DIR: Xavier Giannoli • WRI: Xavier Giannoli, Marcia Romano • PRO: Olivier Delbosc, Marc Missonnier • DOP: Glynn Speeckaert • ED: Cyril Nakache • DES: Martin Kurel • MUS: Ronan Maillard • CAST: Catherine Frot, André Marcon, Michel Fau, Christa Théret

The idea of “so bad, it’s good” has garnered growing attention during the past decade, primarily thanks to the internet. In film it’s quite common, there was Plan 9 from Outer Space or Reefer Madness, but now, every month brings a new Sharknado, or Birdemic, The Room, or Foodfight, to attention and mockery. Ironic adoration and celebration of the worst artistic efforts is at the centre of Xavier Giannoli’s sixth feature film, Marguerite, and invites the viewer to appreciate the ardour and persistence behind the absolute worst culture has to offer.

Based on the career and life of Florence Foster Jenkins, reputedly the worst operatic singer in history, Marguerite is the story of Marguerite Dumont (Catherine Frot), an eccentric Parisian socialite, who performs privately to her friends in ‘The Amadeus Club.’ For the sake of politeness and her monetary investments, everyone participates in maintaining her delusion that she is extremely talented (to understand how wrong this is, listen to Jenkins’ rendition of ‘Queen of the Night’ which is used in the film). That is, until a young critic named Lucien Beaumont (Sylvain Dieuaide) lauds Marguerite in an extremely poetic review, which inspires her to perform outside of her home and to a real audience. Despite her husband’s protest, she continues to train for her moment in a real opera house, as his fear that she will be publicly ridiculed becomes no longer a possibility but an inevitability.

Attempting to make the viewer respond positively to rhythmless, flat, off-key music is a challenge in itself and Giannoli succeeds effortlessly. At first, we’re invited to laugh and cringe at the butchering of Mozart, but, as the film progresses and more is understood about who Marguerite Dumont is, for whom music is their only joy in life, we begin to see the passion behind her terrible voice. At one point, her style of singing is described as “very personal” and, while the comment is made snidely, it’s undoubtedly true. It creates an engaging sympathetic and emotional portrait that is made possible through Catherine Frot’s remarkable performance, carrying the film through many of its flaws.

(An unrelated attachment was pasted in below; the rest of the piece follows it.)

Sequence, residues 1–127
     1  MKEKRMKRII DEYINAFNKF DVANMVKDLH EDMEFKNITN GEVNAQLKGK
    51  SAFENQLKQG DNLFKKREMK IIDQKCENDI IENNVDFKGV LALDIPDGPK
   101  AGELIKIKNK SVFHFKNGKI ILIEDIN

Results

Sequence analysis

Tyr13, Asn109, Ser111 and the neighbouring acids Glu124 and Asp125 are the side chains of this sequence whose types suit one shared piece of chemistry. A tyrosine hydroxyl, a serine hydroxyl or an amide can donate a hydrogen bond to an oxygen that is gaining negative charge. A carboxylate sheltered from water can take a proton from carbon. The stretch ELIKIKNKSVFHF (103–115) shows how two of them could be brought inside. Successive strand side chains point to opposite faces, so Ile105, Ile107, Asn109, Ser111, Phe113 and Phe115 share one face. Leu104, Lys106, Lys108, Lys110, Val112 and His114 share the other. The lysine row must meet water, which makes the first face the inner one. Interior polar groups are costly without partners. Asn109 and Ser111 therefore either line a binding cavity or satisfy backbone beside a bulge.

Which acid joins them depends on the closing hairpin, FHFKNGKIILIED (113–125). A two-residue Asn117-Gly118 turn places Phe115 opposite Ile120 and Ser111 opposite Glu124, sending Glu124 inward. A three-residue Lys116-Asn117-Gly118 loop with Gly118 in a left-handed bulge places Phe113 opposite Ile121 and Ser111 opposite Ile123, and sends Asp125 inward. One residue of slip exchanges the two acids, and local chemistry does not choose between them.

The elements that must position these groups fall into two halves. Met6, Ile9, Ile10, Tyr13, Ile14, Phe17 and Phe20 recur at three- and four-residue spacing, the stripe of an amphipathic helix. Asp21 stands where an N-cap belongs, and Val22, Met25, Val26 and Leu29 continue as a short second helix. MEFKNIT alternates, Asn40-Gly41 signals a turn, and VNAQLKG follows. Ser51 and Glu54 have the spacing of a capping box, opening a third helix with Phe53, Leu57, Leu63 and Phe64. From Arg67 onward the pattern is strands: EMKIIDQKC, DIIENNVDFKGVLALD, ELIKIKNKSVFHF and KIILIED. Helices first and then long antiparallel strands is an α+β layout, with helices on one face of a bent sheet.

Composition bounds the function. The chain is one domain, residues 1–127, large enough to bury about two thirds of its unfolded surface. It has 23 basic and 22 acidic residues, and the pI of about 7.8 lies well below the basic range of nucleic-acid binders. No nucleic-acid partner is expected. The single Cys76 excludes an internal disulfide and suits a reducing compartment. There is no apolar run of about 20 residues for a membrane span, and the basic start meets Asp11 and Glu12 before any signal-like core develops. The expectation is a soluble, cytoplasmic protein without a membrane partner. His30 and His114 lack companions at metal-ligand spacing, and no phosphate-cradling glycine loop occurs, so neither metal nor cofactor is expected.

The most notable retraction in the film’s overall entertaining experience comes from its inconsistency. Giannoli tries to have his cake and eat it with Dumont’s singing, encouraging to see the beauty behind the voice but continue to maliciously relish how awful she sounds. It becomes unnecessarily cruel, particularly in the fifth act, which Giannoli refers to as a “chapter.” The gratuity of having chapters in a film such as this is exemplary of a high-brow pomposity that never seems to work. Within the final scenes of the film, the narrative elapses into a highly fictionalized conclusion that endeavours to be poetically artistic but feels hollow and meaningless.

Marguerite’s saving grace is its characters and the actors behind them. Particularly in Sylvain Dieuaide who performs with a soft, sensitive manner and whose character Giannoli clearly identifies with and encourages the viewer to do likewise. But deserving of the most credit is Denis Mpunga as Madelbos, whose relationship to Marguerite serves as the emotional centre of the story. Mpunga’s and Frot’s chemistry and the ease to which they achieve it deserves to be seen alone. They give the film its poignancy and charm, and, above all, are the reason the beauty behind Dumont’s voice can be seen. Without them the film is nothing, but because of Mpunga and Frot, Marguerite is a pleasant and emotive experience.

Michael O’Sullivan

129 minutes

Marguerite is released 18th March 2016

Marguerite Official Website


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